Tyler Vendetti
April 14, 2013 5:30 am

“Give me…fierce! Show me your claws! Growl! Good, good. Keep going. You’re a tiger. Be the tiger. Now be the tiger with a tiger. Yes, use that one, right next to you. Hold it up to your face. Twist it around. A little to the left. Perfect. We’re going to make millions with this one.”

Not every model hears these words on the job but Kate Upton might be an exception. In a recent issue of Harper’s Bazaar magazine, the American model was asked to pose with a number of wild, and endangered, animals, including two baby gibbon monkeys and a Bengal tiger cub. While this may seem like a typical marketing strategy, the public is in an uproar (slight pun intended) over the use of these creatures as a creative ploy.

Now, don’t get me wrong. I love baby animals. In fact, in elementary school once, I borrowed a picture book from the library called “Baby Animals” and then never returned it. (Admittedly, I had lost the book which is why I didn’t return it but this secret stays between us, Internet. I have a reputation to uphold.) However, there is a difference between using animals appropriately in ads, such as commercials that cannot physically be made without the animal in question (try getting a human to eat that Purina One dog food you’re trying to market), and using them inappropriately. Upton’s advertisement seems to fall under the latter.

First of all, half of the creatures in these photos look like they were tricked into this job and are expecting the jungle gym they were promised to materialize somewhere beyond the frame. I feel bad for the production assistant who has to tell the Bengal tiger that she’s not getting an antelope to chase around.

Second of all, according to PETA, the monkeys used are never supposed to be separated from their mothers at such a young age as this can often lead to emotional trauma and developmental problems. While I don’t normally side with PETA on the off-chance that someone might think I’m associated with them and, therefore, think I’m crazy, the organization does have a point here. When a marketing campaign goes so far as to put the creature at a risk simply to attract a wider audience, that’s where I draw the line.

That’s what I find most repulsive about this campaign, I think. Bazaar is not encouraging some sort of environmental movement in using these endangered creatures. They are not promoting the protection of the rainforest or the donation to a wildlife fund. Rather, they are advertising clothing, which, besides looking partially like something you would find on Jane in the movie Tarzan, has absolutely nothing to do with wildlife. Until Harper’s petticoats develop the ability to bite its consumers, they have no right to market the product with animals because until that point, they are not relevant enough to be incorporated. Or, in simpler terms, animals are friends, not bait for consumers.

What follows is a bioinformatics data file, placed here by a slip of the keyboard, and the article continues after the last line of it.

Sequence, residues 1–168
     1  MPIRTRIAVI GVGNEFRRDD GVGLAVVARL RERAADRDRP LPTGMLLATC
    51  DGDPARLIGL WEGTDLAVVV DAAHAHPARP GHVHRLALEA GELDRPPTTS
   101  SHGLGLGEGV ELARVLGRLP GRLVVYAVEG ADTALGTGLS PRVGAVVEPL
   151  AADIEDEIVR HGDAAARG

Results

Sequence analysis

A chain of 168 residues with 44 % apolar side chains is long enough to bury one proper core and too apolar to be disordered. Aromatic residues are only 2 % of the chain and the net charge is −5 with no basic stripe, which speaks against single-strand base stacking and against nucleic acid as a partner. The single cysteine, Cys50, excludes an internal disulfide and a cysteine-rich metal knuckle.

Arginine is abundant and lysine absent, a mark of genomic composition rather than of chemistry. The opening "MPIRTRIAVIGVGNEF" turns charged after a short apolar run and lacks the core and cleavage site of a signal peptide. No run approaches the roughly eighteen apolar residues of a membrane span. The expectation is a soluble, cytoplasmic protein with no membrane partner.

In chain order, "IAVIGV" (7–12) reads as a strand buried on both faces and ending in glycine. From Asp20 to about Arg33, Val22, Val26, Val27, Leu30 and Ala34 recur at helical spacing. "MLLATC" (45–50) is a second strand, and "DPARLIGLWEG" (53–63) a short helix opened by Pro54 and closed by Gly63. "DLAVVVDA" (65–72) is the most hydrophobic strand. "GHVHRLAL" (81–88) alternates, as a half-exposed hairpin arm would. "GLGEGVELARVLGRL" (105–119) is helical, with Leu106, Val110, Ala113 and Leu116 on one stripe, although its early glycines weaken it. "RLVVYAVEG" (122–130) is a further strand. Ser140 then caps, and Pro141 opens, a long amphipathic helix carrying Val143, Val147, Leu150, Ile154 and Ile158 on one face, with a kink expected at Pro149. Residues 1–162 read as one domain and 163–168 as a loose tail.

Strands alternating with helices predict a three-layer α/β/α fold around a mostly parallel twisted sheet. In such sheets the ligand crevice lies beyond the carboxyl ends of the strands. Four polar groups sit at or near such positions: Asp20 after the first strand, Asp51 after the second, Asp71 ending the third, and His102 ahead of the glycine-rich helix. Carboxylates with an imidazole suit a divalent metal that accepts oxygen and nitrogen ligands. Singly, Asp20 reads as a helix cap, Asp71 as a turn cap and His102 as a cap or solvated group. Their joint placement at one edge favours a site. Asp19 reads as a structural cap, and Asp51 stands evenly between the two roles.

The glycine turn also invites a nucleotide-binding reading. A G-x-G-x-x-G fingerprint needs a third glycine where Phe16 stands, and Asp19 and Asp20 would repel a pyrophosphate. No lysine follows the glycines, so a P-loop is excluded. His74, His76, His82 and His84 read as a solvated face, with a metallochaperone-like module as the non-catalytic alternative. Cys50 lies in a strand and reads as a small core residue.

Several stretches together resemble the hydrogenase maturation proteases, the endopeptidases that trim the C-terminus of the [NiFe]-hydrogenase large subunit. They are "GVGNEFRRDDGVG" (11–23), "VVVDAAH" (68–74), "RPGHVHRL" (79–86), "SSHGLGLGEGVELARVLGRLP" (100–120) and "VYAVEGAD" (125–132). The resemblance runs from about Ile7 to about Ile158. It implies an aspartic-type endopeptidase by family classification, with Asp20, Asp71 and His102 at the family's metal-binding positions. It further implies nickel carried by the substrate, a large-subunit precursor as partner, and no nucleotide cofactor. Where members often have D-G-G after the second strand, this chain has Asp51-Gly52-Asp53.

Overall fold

Notice how I don’t blame Kate Upton in any of this. Sure, she had the choice whether or not to accept this job. Yes, she probably recognized its controversial nature. However, a job is a job, whether you’re a multi-million dollar model or a fresh-out-of-college grad trying to make a living. Plus, if she didn’t accept the proposal, someone else would have. I mean, if someone offered me a large sum of money to take pictures with a bunch of cute, exotic animals, I would be posing with the creatures before they even had the time to finish organizing the cash into a nice leather suitcase. I can’t blame Kate for doing the same.

I might even suggest that this photo-shoot was a good thing (WAIT, DROP THE PITCHFORKS, HEAR ME OUT). By taking pictures with these endangered animals and sparking controversy in the first place, the Zoological Wildlife Foundation (the company that rented out the animals) and Bazaar magazine brought the issue to the forefront of national attention. They started a conversation about the appropriateness of using animals for this purpose, a conversation that might prevent it from ever happening again in the future. If there is any silver lining tangled up in this haystack, that would be it.

But what really is the problem here? Should we be blaming the magazine for proposing such a ridiculous idea in the first place? Or should we turn our attention to the animal renting company that gave out these creatures like props? Or is Kate Upton at fault for going along with the idea, knowing her participation would ensure the issue’s success? Does it even matter?

Regardless of what happens in the future, my opinion still stands. Next time a photographer asks you to “be the tiger,” it’s okay to leave the real creatures out of it.

Image and story via The Huffington Post.

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